Eva Dou and Aries Poon, The Wall Street Journal:
Taiwanese personal computer maker Acer Inc. said it plans to offer fewer Microsoft Inc. products and more Chromebooks and Android-based mobile devices, after it posted a surprise second-quarter loss on lower sales and rising expenses.
â€œWe are trying to grow our non-Windows business as soon as possible,â€ President Jim Wang told investors in a conference call. â€œAndroid is very popular in smartphones and dominant in tabletsâ€¦ I also see a new market there for Chromebooks.â€
John Gruber comments:
Speaking of red flags, thereâ€™s one for Microsoft â€” partners trying to move away from Windows â€œas soon as possibleâ€. The collapse of Windows is going to happen faster than you think.
There are some who think Microsoft will continue to be as dominant as it has been in operating system software since the introduction of the original IBM PC. Then there are those who are at the other end of the spectrum who think Microsoft’s Windows business will become no more and rather quickly. Gruber’s comment would be accurate only for those in and around the first group, but not so much for the rest. Let’s look at some numbers to add some meat to the discussion.
IDC announced preliminary worldwide PC shipment numbers for the second quarter of 2013. The big news was Lenovo overtook HP for the number one spot. Note IDC doesn’t include tablets such as Apple’s iPad in its definition of PC. Here is the shipment share breakdown for Q2’13:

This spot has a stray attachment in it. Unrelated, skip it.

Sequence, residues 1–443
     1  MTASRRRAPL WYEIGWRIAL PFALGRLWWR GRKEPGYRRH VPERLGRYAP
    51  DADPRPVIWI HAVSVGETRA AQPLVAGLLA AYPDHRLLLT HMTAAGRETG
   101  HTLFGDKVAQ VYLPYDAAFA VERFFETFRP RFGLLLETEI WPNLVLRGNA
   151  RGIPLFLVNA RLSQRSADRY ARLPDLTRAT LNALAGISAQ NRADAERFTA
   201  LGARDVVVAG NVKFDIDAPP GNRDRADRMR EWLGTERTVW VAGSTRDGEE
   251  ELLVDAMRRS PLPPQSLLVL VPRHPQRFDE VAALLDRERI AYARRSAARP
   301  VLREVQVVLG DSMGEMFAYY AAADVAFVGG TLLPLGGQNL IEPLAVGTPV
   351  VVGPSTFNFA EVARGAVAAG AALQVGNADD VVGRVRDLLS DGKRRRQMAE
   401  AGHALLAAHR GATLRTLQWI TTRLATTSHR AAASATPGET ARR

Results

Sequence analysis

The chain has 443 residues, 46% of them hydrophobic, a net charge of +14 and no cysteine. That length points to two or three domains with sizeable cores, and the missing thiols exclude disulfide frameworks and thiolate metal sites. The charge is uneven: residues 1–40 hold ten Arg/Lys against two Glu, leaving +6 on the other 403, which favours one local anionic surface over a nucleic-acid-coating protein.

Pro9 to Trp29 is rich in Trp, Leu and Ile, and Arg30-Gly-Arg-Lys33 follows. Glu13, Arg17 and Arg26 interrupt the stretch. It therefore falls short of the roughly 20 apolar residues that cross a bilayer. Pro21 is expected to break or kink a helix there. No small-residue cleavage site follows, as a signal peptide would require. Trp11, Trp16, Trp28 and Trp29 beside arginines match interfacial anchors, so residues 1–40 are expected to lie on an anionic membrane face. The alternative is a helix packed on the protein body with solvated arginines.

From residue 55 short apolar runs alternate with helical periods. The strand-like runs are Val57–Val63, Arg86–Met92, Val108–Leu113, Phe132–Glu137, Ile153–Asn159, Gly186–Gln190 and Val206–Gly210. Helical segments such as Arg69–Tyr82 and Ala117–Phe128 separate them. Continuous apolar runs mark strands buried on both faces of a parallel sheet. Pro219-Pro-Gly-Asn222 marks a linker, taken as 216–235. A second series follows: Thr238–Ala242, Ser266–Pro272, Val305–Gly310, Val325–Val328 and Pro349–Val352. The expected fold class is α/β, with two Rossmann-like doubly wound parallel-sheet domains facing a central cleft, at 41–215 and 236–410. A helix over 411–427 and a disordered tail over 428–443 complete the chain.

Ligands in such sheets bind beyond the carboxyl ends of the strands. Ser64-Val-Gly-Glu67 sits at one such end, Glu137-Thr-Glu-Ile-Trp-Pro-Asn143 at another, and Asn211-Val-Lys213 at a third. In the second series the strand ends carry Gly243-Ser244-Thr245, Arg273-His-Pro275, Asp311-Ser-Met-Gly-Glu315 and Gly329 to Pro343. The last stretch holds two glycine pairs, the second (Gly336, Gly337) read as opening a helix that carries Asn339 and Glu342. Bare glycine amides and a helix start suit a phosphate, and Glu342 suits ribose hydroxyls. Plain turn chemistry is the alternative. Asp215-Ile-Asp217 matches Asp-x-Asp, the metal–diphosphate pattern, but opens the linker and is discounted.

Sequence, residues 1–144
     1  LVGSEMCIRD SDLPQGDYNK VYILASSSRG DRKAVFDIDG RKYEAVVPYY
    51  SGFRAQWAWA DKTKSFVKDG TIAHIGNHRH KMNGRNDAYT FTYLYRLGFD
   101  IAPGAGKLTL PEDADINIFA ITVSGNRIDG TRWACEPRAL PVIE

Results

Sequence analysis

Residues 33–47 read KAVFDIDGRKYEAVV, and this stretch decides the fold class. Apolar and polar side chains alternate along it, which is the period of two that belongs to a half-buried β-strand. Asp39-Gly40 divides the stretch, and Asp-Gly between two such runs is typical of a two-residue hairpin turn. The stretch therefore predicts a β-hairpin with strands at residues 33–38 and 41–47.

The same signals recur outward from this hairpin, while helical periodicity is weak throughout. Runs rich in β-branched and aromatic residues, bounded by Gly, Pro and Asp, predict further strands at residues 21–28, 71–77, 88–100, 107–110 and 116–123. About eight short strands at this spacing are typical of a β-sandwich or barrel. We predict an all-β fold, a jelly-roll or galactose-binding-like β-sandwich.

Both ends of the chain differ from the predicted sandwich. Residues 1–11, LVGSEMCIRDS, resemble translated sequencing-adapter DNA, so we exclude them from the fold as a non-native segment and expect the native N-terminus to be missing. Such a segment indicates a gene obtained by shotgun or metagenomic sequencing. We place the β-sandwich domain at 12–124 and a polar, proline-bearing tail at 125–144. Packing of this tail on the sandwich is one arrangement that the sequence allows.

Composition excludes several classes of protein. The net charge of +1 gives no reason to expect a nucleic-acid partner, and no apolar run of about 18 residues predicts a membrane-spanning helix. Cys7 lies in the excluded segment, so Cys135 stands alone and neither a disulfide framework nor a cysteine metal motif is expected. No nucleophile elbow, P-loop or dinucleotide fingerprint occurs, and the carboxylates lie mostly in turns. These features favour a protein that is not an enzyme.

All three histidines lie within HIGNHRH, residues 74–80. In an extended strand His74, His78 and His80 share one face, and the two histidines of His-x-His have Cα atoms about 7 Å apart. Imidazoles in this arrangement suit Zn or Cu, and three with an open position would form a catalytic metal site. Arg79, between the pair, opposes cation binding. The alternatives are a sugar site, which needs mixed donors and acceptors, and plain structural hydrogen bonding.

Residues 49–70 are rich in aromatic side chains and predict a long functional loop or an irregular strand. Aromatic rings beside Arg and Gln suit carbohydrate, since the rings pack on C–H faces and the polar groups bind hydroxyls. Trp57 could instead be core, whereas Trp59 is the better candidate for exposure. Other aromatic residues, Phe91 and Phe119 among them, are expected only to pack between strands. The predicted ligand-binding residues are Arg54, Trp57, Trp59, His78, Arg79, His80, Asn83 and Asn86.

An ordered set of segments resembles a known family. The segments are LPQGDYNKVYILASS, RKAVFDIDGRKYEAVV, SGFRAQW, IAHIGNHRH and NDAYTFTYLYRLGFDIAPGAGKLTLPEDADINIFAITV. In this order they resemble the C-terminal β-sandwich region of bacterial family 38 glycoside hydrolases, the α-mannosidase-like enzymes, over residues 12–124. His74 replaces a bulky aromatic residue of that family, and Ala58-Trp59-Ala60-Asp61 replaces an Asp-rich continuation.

- Lenovo: 12.6M units, 16.7% share, -1.4% Y/Y
- HP: 12.4M, 16.4%, -7.7%
- Dell: 9.2M, 12.2%, -4.2%
- Acer: 6.2M, 8.2%, -32.6%
- ASUS: 4.6M, 6.1%, -21.1%
And then there’s the Others category with 30.6M units shipped, capturing 40.4% market share, and declining 11.2% Y/Y in Q2’13.
The top five brands all experienced Y/Y declines, but what is noteworthy is Acer’s spectacular Y/Y decline compared to Q2’12: -32.6%. Acer president Jim Wang is in hot water and as anyone in his situation would do he made strong statements to get himself out. But we all know it is not easy—in fact it is almost impossible—for a large corporation like Acer to swiftly change directions. If Wang is successful we can expect Acer’s market share to significantly fall in IDC’s Q3’12 worldwide PC shipment report. I don’t think it will happen; if I were a betting man, I predict Acer will maintain its #4 position in Q3’12.
Let’s get back to Gruber’s comment. Although some might think Acer growing its non-Windows business as soon as possible is not the same as Acer trying to move away from Windows as soon as possible, we have to remember companies do not have unlimited resources. If Acer decides to grow its non-Windows business as soon as possible it necessarily means it is moving away from its Windows business just as quickly.
Even if Acer is able to quickly move away from Windows it wouldn’t be a big red flag. Acer’s market share of PC shipments is 8.2%. If we assume Acer completely shuts down its operations for manufacturing Windows-based PCs, Microsoft’s ‘collapse’ would only result in a hole that’s 8.2% big. That’s a big dent, but it’s not a collapse. If one of the really big guys like Lenovo, HP, or Dell made a similar statement, now that would be something else.
The bottom line is this: I don’t think Acer can quickly shift away from Windows to Android and Chrome OS. And even if it did it wouldn’t result in the collapse of Microsoft Windows.